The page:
City of Boulder Creates Area Plan for Alpine-Balsam Site

Alpine-Balsam site, courtesy of the City of Boulder.

By Katie Rapone

The City of Boulder is currently working with the community to develop an area plan for the Alpine-Balsam site in Boulder, the former site of Boulder Community Health Broadway Campus.

In December 2015, the city purchased the 8.8-acres of property — that sits along the broadway corridor, north of University Hill and downtown — from Boulder Community Health for $40 million. The properties include the entire hospital campus site at 1100 Balsam Ave., two properties on Alpine Avenue and two small properties on North Street, as well as a five-level parking structure. The total site area is 383,000 square feet.

The city intends to occupy a portion of the site for its customer service center that will co-locate key city services, improving access and better serving the community. Other uses for the site could include housing, retail, office space, and possibly additional local government services.

Alpine-Balsam’s prime location in the center of Boulder presents a valuable opportunity to develop a model for equitable, affordable and sustainable living and the city is committed to ensuring that future redevelopment of the site fits the community’s vision and goals, and complements the character of the neighborhood.

BCH is still providing some services inside the hospital but plans to fully vacate the hospital building in May or June 2019 and transition to the foothills Hospital. When that happens, the city will seek City Council approval for their area plan.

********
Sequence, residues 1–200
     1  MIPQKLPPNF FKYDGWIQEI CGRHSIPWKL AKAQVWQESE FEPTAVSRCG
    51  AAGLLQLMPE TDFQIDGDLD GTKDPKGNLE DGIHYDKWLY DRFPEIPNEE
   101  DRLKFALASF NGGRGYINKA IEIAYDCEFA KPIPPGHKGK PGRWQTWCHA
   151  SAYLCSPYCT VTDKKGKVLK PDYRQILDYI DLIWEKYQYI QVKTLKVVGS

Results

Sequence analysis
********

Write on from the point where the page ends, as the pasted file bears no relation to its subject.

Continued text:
Five guiding principles will define the design and development of the Alpine-balsam site:

  1. Respect the site’s physical environment.
  2. Create a vibrant place for community gathering.
  3. Capture synergies with mixed-use development.
  4. Serve as a model for equity, affordability and sustainability.
  5. Innovate planning, design and delivery processes.

The city’s vision plan received strong support for a mixed-use development that will support a vital, multi-generational, community-oriented place.

During a September 26 Urban Land Institute event, Jim Robertson, director of planning, housing and sustainability for the City of Boulder, spoke about a vision plan for the site that could follow one of three possible scenarios.

The first scenario heavily favors government facilities. According to Robertson, the county has expressed some interest in going in and building some county facilities on the site. That scenario however, does not leave much land left for commercial development or housing. The second scenario favors residential development, possibly in the form of affordable housing and the third scenario is a hybrid of government and mixed-use.

Development Concerns

Flooding issues are one factor in determining the use for the site. The hospital is impacted by a 100-year-old floodplain that could pose potential development issues. The northwest corner at Ninth and Balsam floods after major thunderstorms.  “That’s not something we can ignore as we begin thinking about the site, what we’re going to do, how we’re going to do it, and how much it’s going to cost,” said Robertson.